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Revisiting the Female Gazes in Manet's ‘Olympia’

A line drawing of Manet's "Olympia."
A line drawing of Manet's "Olympia." By Hanna Kim
By Aline G. Damas, Contributing Writer

More than 150 years after it was painted, Édouard Manet's "Olympia" continues to astonish viewers with its subject’s challenging gaze and overt sexuality. Countless features and papers have discussed it because it is quite simply one of the most controversial works of the 19th century, so much so that guards have been forced to protect the painting from irate viewers. Yet the question still remains—more than a century and a half later, is it still as provocative as when it debuted?

French painter Édouard Manet (1832-1883), one of the originators of Impressionism, was known during his lifetime for painting portraits, marine landscapes, still lifes, and scenes of Parisian life with a unique style of brisk strokes. "Olympia" (1863) formed a clear departure from still lifes of dead rabbits. The painting is clearly linked to "Le Déjeuner sur l'Herbe" (1863), another scandalous painting depicting two men having a picnic in a park with a naked woman as a scantily dressed bather relaxes behind them. The lounging position of the nude in "Déjeuner" is echoed in "Olympia," although in the latter she is the central figure. An emerald velvet curtain is pulled back to reveal Olympia—a name commonly used by prostitutes at the time—reclining on a bed facing the viewer while a black female servant presents her with a large bouquet of flowers and a black cat stands at her feet. Interestingly enough, while “Déjeuner” failed to be accepted by the Paris Salons, “Olympia” was not. If anything, its 1865 exhibition shocked the public even more than its predecessor, so much so that the painting had to remain under watch until it could be moved out of their reach.

Critics were scandalized first by the subject: A prostitute receiving flowers from one of her clients. While nudes were accepted artistic subjects at the time, it was strictly within the context of mythic or allegorical works. The sheer size of this painting added to the fury because its subject was neither mythological nor historical—it was as if Manet were attempting to elevate a lower-class member of society. For this reason, he tried to defend himself by explaining that the form had been modeled off the reclining nude in "Venus of Urbino" (1538). By invoking Titian's established name, he hoped to defend himself from outrage.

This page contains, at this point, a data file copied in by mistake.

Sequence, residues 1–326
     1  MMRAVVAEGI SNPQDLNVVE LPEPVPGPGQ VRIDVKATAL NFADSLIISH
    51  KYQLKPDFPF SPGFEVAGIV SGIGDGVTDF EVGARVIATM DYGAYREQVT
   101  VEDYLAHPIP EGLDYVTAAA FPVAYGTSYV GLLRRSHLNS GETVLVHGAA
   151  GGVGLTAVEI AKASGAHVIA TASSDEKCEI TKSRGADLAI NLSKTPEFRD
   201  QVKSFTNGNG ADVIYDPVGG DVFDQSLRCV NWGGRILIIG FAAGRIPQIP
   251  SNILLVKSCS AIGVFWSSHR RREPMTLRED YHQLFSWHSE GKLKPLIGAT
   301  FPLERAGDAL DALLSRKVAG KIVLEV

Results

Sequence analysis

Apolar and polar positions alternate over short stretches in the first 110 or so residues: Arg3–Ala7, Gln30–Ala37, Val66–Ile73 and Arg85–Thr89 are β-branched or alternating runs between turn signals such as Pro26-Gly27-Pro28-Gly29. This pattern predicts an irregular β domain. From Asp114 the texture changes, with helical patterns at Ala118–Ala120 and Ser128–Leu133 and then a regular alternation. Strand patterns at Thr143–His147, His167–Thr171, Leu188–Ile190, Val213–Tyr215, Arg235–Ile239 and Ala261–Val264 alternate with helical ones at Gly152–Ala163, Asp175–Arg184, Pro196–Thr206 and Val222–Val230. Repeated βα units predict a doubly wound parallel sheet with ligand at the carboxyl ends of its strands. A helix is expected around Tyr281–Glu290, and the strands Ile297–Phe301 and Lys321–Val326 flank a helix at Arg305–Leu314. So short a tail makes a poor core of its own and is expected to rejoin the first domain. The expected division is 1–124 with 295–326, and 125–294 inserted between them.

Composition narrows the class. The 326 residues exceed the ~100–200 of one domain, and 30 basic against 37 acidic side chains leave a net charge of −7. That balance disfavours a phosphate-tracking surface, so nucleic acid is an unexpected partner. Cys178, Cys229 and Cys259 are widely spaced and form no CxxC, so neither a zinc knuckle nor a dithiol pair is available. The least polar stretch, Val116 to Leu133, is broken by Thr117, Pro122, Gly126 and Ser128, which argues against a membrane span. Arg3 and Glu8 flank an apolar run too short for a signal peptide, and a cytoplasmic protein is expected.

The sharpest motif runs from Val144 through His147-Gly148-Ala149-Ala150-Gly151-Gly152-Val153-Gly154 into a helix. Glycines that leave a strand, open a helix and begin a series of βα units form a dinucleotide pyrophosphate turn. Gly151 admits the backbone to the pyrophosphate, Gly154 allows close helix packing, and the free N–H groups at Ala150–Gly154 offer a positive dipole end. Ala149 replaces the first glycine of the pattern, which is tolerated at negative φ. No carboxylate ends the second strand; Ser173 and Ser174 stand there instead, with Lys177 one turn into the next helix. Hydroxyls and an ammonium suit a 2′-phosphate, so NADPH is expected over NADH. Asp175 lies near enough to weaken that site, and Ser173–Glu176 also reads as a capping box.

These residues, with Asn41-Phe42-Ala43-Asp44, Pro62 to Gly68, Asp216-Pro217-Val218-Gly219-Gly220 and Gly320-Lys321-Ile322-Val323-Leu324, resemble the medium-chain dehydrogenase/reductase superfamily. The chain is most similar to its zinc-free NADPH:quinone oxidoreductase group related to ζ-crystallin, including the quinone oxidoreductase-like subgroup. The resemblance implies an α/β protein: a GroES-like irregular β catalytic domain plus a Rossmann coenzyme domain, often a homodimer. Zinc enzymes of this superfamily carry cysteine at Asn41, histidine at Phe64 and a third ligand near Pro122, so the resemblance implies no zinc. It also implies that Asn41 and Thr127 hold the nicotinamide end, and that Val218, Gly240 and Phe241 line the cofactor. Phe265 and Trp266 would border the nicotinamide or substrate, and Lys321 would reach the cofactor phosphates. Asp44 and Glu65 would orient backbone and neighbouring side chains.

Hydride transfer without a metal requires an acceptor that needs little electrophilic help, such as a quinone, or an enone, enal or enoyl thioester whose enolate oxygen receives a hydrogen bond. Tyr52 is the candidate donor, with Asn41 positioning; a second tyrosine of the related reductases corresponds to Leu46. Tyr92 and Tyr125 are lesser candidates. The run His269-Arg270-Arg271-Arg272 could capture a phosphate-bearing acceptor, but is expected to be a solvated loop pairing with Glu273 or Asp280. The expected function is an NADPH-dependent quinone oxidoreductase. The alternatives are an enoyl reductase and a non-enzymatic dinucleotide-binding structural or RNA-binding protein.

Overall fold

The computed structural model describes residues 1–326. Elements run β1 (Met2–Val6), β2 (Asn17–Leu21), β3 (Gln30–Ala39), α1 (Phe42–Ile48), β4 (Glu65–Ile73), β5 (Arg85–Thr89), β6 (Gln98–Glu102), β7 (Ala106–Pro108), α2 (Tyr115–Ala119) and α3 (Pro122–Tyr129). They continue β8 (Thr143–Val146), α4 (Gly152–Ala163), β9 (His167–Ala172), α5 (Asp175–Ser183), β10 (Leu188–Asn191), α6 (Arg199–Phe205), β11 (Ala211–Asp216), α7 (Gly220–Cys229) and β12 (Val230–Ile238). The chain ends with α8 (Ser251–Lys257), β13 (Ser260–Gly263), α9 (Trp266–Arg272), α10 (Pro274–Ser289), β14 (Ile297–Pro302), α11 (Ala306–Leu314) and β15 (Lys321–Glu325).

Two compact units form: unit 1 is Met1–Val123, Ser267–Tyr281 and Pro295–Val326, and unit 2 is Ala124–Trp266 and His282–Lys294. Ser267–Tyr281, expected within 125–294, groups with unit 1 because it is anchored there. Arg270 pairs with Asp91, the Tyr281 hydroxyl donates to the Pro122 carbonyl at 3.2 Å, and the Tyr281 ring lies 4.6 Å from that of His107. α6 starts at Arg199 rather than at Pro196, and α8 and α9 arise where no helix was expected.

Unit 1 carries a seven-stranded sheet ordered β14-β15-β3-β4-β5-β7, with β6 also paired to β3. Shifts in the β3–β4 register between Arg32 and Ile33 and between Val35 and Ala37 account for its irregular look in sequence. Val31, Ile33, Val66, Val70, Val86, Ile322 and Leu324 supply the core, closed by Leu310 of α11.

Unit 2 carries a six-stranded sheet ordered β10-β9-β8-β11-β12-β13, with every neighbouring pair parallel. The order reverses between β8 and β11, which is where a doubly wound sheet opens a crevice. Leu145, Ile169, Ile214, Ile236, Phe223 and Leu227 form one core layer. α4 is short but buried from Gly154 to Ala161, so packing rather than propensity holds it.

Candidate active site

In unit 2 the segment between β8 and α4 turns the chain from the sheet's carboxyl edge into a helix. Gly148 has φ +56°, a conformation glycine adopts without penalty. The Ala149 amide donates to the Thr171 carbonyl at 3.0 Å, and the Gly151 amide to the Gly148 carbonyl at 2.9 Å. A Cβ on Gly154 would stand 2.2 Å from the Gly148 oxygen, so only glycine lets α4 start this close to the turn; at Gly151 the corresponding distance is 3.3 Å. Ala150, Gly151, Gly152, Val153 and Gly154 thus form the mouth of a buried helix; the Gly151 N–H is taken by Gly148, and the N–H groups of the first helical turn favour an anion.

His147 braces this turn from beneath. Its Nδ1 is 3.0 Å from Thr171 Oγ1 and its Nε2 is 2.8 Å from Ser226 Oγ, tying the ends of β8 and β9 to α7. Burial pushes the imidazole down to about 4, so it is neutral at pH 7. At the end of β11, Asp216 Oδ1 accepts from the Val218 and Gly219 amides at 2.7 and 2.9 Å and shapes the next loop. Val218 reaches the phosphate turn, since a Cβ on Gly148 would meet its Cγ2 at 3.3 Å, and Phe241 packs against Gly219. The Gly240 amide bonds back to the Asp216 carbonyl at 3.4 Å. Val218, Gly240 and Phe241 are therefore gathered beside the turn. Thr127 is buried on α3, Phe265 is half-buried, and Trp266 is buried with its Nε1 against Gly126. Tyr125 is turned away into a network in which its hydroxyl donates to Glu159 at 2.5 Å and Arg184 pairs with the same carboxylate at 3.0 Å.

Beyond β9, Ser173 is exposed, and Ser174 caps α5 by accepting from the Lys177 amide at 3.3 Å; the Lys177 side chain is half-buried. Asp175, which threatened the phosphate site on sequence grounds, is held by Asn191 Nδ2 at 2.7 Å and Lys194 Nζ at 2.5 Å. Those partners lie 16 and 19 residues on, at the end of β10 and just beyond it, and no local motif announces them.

Yet Olympia's hand which rests over her pelvis and the cat at her feet are too suggestive to be ignored by viewers, especially considering that the French word "chatte" has the same double meaning as the English word "pussy." As to the painting style, there is no subtlety: Manet's broad strokes are so visible that the light is rendered extremely crudely. There is very little use of chiaroscuro (a technique employed to represent dimension using light and shadow) except for on Olympia's hand, so that its three-dimensional presence cannot help but draw the viewer's attention. Of course there is also her infamous arresting gaze, absolutely shameless and undaunted. Victorine Meurent, the model who posed for this painting, modelled for Manet many other times both clothed and nude—yet it is here that she is best remembered, her insouciance magnified and immortalized. Small details like the thin black choker around her neck, the orchid in her hair, her bracelet, and her mule slippers only make her feel more exposed—not that she seems to care.